Feb. 14: The Bank of Japan surprises markets with two new measures to battle the country's long-running decline in prices, or deflation.
March 13: The FOMC meets and appears in no hurry to launch new measures to boost economic growth.
April 5: Brian Sack, who played a key role implementing many of the central bank's policies in the wake of the 2008 financial crisis, announces he will resign from his job at the Federal Reserve Bank of New York.
April 24-25: The FOMC meets and Mr. Bernanke leaves open the possibility of launching new programs to support economic growth if the recovery falters.
May 9: The Fed approves plans by three state-backed Chinese banks to expand in the U.S., including the first acquisition of a U.S. retail-banking network by a state-owned lender, a landmark step for American regulators.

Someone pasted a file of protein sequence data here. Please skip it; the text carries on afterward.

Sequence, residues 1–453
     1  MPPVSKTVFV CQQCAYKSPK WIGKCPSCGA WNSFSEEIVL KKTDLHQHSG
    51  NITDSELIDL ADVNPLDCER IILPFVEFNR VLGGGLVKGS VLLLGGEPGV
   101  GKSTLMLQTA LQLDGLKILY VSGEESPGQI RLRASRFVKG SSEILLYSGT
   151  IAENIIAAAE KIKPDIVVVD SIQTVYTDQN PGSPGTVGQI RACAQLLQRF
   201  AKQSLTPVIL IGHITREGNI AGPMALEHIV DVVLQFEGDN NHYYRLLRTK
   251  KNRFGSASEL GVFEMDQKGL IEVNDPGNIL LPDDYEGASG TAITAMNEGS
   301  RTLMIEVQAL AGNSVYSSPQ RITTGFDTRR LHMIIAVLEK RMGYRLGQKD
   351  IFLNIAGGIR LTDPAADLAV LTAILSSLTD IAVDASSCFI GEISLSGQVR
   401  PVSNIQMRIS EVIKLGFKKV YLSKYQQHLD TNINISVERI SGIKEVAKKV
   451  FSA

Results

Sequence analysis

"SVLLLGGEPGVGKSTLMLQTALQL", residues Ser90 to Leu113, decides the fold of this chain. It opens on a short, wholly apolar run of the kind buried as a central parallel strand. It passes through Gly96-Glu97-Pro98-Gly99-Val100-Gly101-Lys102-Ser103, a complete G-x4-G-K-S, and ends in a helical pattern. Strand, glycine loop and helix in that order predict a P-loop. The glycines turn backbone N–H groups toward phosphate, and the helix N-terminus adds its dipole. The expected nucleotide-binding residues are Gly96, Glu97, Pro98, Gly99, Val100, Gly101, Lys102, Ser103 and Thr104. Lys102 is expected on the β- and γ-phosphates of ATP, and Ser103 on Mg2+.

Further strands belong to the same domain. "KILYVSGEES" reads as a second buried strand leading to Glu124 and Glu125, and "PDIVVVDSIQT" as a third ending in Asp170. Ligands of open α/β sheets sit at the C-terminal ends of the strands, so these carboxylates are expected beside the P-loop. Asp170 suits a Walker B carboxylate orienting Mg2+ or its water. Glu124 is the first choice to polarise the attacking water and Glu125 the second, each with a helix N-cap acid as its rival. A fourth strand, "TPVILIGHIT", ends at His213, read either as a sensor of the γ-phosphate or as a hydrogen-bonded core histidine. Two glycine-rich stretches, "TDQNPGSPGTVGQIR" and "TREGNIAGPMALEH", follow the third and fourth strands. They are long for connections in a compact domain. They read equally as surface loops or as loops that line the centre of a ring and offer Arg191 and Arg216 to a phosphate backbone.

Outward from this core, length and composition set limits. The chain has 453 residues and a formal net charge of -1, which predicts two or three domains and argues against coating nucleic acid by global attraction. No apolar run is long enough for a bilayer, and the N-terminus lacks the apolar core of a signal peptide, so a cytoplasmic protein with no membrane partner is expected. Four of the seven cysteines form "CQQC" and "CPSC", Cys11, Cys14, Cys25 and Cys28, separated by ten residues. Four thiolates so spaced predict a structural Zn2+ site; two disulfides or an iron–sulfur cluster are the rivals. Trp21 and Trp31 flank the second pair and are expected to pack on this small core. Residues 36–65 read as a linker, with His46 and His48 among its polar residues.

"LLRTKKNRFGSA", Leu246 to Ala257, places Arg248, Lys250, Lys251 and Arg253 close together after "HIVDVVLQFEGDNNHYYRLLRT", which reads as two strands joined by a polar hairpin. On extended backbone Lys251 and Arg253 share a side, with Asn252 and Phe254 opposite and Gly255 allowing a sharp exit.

May 25: Jerome Powell, a former private-equity executive, takes office as a member of the board of governors.
May 30: Jeremy Stein, an economist at Harvard University, takes office as a member of the board of governors.
June 19-20: The FOMC meets and announces plans to extend through the end of the year the Operation Twist program, which aims to drive down long-term interest rates by selling short-term securities and using the proceeds to buy longer-term securities.
July 5: Central banks in China, the eurozone, the U.K. and other countries announce new steps to bolster growth amid mounting worries about the global economy.
July 19: Central bankers in the U.S., U.K., and Europe band together to consider solutions to the Libor interest-rate-rigging scandal.
July 26: Speaking at a conference in London, Mr. Draghi issues his famous remarks that the ECB would do " whatever it takes to preserve the euro." Markets rally on the news amid mounting speculation Greece would be forced to leave the eurozone.
July 31-Aug. 1: The FOMC meets and signals it is getting closer to launching a new round of stimulus to shore up a weak economy.